If you need assistance with implementing a comprehensive security strategy for your organization, 4Corner IT can help. We have the tools you need to keep your network safe. To learn more, reach out to us at (954) 474-2204.

Why It’s Important to Lock Your Computer and Phone

adobeLocked steel padlock in a drilled hole of the black laptop on dark background. Concept of protecting personal data on a computer. A laptop is locked with a lock. Closeup, selective focusstock

Network security is not always about implementing new encryption protocols and using state-of-the-art tools to protect your business. Sometimes, it’s the small things that can make a massive difference. So, if your collective staff can implement this one easy trick, you might be surprised by how beneficial it can be for your network’s security. This practice? Locking your computer and phone.

What Is Locking Your Phone and Computer?

Essentially, your phone and computer can go into a sort of sleep mode when they’re not being used. You do this every time you close the screen on your phone. When your phone “wakes up” to be used, there should be a password required to get back into your phone. Otherwise, anyone can swipe the screen and start reading.

Locking your phone is second nature, and many people have complex passkeys or fingerprints required to do so. Computers are a different matter. Most office workers will stand up and leave their desks without locking their PC. The better practice is to lock your PC, either by performing the lock sequence that will prompt the next user for a password or putting it into a sleep mode that requires a password upon your return.

Let’s take a quick look at the benefits you get from locking your phone and computer.

Keeping Private Documents Out of Sight

The chances that corporate espionage is going to take place at a medium-sized landscaping company might be small compared to a large media conglomerate. Nevertheless, private documents on phones and computers often hide passwords and personal information.

Allowing those resources to be compromised can harm your reputation and leave you open to a litany of problems, including lawsuits.

Your Work Phone and Computer Are Vectors for Malware

Hundreds of people can come and go from a large workplace daily, and it’s not like you can keep track of them all. Unfortunately, it only takes one person with bad intent to find a computer or work phone that is connected to your company’s network and upload malware.

The most common vector for malware these days is email, and many of your company’s resources are geared towards stopping that threat as long as it’s from an external source. However, if someone sends an internal email from a trusted worker’s account and CCs everyone in the building, then it’s safe to say most people would let down their guard enough to open that email.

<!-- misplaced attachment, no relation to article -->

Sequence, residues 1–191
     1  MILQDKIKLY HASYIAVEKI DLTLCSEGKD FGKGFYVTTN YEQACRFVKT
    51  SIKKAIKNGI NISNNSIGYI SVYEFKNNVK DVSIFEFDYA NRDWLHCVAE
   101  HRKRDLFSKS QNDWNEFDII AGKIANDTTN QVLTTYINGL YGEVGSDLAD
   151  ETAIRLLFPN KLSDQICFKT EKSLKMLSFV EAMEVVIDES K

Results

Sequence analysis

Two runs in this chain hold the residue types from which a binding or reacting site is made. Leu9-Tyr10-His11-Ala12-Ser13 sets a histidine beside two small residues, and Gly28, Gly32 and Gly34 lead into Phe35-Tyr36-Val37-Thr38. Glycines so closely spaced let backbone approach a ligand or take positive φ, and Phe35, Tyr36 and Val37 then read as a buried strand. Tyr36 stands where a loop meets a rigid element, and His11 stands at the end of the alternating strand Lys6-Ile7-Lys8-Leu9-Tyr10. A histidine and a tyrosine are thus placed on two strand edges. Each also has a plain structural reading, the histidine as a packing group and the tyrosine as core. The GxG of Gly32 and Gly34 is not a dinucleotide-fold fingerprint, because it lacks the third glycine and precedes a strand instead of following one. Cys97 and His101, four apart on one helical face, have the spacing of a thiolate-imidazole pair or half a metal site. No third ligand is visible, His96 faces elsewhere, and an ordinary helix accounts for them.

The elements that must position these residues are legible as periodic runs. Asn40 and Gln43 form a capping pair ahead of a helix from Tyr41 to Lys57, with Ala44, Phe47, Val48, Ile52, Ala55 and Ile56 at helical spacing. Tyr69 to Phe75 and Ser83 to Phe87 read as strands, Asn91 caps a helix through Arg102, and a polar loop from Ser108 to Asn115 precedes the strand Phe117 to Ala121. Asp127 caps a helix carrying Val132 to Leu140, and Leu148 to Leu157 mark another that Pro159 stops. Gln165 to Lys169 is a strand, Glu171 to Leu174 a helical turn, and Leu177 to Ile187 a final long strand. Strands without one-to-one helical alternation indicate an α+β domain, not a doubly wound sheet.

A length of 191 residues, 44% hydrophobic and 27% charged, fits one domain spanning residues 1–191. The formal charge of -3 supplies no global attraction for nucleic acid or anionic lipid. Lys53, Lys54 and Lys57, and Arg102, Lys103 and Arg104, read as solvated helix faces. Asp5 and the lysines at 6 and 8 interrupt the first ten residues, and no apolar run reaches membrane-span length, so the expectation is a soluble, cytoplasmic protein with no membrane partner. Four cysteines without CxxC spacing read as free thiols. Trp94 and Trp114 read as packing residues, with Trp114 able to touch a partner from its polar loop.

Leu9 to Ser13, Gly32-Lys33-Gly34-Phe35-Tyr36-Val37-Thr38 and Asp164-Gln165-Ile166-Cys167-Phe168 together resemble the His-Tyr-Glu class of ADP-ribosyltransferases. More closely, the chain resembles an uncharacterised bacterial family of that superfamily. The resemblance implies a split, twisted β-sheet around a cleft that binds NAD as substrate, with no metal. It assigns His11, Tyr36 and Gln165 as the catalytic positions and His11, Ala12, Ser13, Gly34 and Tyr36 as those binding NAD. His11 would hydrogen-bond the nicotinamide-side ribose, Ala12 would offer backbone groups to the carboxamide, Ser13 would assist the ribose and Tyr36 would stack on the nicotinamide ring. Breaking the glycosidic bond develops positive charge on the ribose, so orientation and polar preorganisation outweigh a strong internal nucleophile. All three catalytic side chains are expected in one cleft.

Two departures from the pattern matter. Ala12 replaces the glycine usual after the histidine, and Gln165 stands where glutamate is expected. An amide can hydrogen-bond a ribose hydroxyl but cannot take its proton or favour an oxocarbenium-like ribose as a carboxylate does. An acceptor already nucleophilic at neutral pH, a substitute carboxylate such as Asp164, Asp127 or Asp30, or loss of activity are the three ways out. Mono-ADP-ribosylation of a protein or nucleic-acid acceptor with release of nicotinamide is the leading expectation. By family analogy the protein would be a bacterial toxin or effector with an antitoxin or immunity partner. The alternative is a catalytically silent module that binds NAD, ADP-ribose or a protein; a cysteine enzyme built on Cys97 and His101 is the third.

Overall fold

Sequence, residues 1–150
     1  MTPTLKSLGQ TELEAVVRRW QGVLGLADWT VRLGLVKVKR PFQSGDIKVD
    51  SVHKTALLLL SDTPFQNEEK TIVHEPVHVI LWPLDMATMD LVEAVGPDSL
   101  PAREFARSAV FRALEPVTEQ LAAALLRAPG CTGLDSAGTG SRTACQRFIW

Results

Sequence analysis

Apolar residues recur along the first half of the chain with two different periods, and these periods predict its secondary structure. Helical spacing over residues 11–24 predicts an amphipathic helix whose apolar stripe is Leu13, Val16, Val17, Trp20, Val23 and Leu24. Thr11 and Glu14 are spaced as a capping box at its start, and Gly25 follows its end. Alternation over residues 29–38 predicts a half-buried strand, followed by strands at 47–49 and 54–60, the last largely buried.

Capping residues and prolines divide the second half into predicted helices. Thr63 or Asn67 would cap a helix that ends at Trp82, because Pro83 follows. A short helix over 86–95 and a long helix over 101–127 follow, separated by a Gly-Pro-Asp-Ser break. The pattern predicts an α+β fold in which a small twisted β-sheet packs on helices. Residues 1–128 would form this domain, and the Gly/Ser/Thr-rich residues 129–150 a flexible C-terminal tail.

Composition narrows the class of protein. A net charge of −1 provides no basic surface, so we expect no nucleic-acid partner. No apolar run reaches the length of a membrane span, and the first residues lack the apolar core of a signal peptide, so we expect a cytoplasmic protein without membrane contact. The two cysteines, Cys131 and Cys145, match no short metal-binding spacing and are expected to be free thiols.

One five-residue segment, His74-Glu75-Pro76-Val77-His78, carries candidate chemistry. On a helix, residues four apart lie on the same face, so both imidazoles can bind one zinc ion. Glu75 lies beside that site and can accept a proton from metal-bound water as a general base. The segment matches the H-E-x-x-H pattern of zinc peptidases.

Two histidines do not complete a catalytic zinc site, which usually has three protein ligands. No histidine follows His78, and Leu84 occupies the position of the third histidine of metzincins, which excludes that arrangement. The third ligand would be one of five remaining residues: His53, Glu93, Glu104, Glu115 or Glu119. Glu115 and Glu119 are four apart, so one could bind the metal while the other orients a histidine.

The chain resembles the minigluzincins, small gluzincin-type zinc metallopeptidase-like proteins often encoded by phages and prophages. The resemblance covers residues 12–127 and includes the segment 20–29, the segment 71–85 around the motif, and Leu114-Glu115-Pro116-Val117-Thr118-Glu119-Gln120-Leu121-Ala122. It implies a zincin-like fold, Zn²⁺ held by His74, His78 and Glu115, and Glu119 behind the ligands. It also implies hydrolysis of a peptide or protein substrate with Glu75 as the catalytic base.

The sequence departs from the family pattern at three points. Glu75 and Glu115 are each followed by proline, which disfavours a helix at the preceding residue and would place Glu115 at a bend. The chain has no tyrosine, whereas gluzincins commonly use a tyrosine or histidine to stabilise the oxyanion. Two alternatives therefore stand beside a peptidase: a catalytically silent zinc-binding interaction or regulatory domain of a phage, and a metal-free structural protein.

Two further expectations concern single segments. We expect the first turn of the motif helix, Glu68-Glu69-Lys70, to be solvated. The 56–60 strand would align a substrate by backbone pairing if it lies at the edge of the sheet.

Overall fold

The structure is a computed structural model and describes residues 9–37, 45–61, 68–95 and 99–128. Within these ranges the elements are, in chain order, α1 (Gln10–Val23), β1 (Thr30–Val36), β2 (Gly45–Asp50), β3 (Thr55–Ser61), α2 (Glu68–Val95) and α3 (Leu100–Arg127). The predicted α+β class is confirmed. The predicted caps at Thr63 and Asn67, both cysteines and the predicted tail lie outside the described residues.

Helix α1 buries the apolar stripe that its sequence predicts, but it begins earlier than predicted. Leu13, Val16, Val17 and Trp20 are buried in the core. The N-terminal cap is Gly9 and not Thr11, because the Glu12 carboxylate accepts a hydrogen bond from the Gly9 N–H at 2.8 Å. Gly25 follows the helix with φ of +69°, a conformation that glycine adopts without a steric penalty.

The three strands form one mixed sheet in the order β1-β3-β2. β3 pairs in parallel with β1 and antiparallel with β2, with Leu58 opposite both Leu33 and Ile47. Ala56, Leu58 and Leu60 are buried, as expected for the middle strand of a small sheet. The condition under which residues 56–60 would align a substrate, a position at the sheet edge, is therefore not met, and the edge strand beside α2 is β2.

All it takes is a single terminal to remain unlocked and someone can wreak havoc on your business. Locking your computer and work phones can deter this threat or make at least delay the intruder long enough for them to be caught.

The benefits of locking your phone and computer at work go beyond malware and corporate espionage, though. It stops workers from learning about promotions, pay rates, and internal investigations. Locking your computer can also prevent data from being altered on a project without your knowledge.

Implementing this change is simple, and it does not require a lot of time. Get your team together, teach them how to lock their computers and phones, and test them once in a while to make sure they’re compliant. Not only will this increase security, but it will make your workers feel more like true stakeholders in the well-being of your business.

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Phishing Attacks in 2021 Trending Due To Pandemic

credit card phishing - piles of credit cards with a fish hook on computer keyboard

Hackers have made some nefarious choices over the past several months, many of which involve using the COVID-19 pandemic to spread their influence and steal data through the use of phishing attacks. Let’s explore how these cybercriminals have leveraged a global disaster to their benefit and some ways that you can keep your business secure.

According to SecureList, spam and phishing trends in Q1 of 2021 were heavily influenced by the COVID-19 pandemic, and not in a good way. Here are a few examples of the major threats that surfaced during this time.

Stimulus Payment Scandals

Early 2021 saw many initiatives by government agencies to suppress the financial burden placed on individuals and businesses through the use of economic impact payments and business bailouts. Hackers, of course, wanted to capitalize on this and began using phishing messages to trick people. Targets received messaging that was often specific to their bank and utilized similar branding to official websites. These efforts were all elaborate tricks to convince users to hand over their credentials. Users would unsuspectingly enter their credentials into forms on these fake websites and put their sensitive information at risk.

The Vaccine Race

Back when the COVID-19 vaccine was in short supply or the supply itself was limited to specific groups of people, there was a bit of a race to get to it. This rush created an opportunity for hackers to capitalize on peoples’ desires for security and safety, and they leveraged phishing schemes that used the vaccine to their advantage. They would use language and branding of official health organizations to convince users to click on links in emails, which would then redirect users to fake websites for harvesting credentials or banking information. Even those who got the vaccine received surveys offering free goods in exchange for information.